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Pulmonary Glandular Papilloma with Abundant Extracellular Mucin and BRAF V600E, AKT1 E17K Mutations: A Case Report

Article Information

Zhenyun Yang1, Fengyu Song1, Jin Zhong1,2* 

1Department of Internal Medicine, University of California, Riverside, School of Medicine, Riverside, CA, USA

2Pathology and Laboratory Medicine Service, VA Greater Los Angeles, Los Angeles, CA, USA

*Corresponding Author: Jin Zhong, Department of Internal Medicine, University of California, Riverside, School of Medicine, Riverside, CA, USA

Received: 25 June 2022; Accepted: 11 July 2022; Published: 21 July 2022

Citation: Zhenyu, Yang, Fengyu Song, Jin Zhong. Pulmonary Glandular Papilloma with Abundant Extracellular Mucin and BRAF V600E, AKT1 E17K Mutations: A Case Report. Archives of Clinical and Medical Case Reports 6 (2022): 532-533.

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Abstract

Pulmonary glandular papillomas of the lung are very rare benign pulmonary tumors with only a few cases described in the literature. It is challenging to make the diagnosis based on clinical features, imaging findings and small core biopsies. Here we present a case of pulmonary glandular papilloma with abundant extracellular mucin, which was initially diagnosed as mucinous invasive adenocarcinoma with small core biopsy. Differential diagnosis and its molecular analysis are discussed. Physician should think about the possibility of glandular papilloma for any pulmonary nodules.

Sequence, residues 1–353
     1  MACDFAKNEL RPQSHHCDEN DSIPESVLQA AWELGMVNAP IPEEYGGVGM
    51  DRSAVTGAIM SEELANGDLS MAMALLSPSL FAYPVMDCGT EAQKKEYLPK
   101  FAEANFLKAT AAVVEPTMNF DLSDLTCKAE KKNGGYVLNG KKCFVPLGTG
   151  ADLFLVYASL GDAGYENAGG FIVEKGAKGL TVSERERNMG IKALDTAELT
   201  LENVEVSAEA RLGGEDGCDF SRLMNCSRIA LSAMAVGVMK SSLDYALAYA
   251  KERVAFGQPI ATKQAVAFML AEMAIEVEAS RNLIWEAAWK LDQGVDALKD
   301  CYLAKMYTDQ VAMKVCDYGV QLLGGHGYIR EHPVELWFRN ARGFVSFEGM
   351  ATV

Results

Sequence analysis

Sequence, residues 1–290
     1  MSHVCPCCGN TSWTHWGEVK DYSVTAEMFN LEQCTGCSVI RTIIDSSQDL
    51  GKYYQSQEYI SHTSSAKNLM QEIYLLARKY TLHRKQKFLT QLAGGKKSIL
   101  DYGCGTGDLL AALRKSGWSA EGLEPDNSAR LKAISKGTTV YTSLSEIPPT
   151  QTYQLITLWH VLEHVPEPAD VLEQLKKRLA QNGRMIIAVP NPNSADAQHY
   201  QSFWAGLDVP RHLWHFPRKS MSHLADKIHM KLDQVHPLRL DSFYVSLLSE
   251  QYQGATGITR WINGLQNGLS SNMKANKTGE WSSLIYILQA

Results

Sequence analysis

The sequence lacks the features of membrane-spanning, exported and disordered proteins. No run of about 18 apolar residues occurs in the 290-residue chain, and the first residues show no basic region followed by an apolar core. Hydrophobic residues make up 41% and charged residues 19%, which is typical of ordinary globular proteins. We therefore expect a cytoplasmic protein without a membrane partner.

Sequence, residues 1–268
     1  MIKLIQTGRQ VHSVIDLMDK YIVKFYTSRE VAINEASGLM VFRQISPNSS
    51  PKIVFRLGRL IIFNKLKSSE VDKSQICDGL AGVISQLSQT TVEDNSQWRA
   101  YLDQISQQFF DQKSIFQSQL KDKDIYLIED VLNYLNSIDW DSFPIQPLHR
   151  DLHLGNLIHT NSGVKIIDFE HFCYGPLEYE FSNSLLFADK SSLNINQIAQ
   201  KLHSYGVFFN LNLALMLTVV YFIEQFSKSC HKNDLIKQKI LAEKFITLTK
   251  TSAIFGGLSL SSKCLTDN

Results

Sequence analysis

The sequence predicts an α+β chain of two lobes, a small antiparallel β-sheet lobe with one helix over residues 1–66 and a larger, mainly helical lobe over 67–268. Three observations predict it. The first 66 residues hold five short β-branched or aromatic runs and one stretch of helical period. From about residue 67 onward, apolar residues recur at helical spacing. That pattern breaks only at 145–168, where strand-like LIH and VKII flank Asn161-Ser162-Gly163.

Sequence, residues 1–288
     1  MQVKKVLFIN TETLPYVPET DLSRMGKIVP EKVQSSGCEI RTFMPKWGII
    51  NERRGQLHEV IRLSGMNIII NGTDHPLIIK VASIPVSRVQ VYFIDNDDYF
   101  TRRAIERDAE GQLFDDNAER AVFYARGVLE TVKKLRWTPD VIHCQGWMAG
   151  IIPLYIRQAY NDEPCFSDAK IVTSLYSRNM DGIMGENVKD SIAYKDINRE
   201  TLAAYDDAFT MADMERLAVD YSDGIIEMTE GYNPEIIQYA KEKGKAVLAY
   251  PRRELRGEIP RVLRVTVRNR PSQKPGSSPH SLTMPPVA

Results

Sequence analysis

Keywords

Pulmonary glandular papilloma; Adenocarcinoma; BRAF V600E; AKT1 E17K mutation

Pulmonary glandular papilloma articles; Adenocarcinoma articles; BRAF V600E articles; AKT1 E17K mutation articles

Article Details

1. Introduction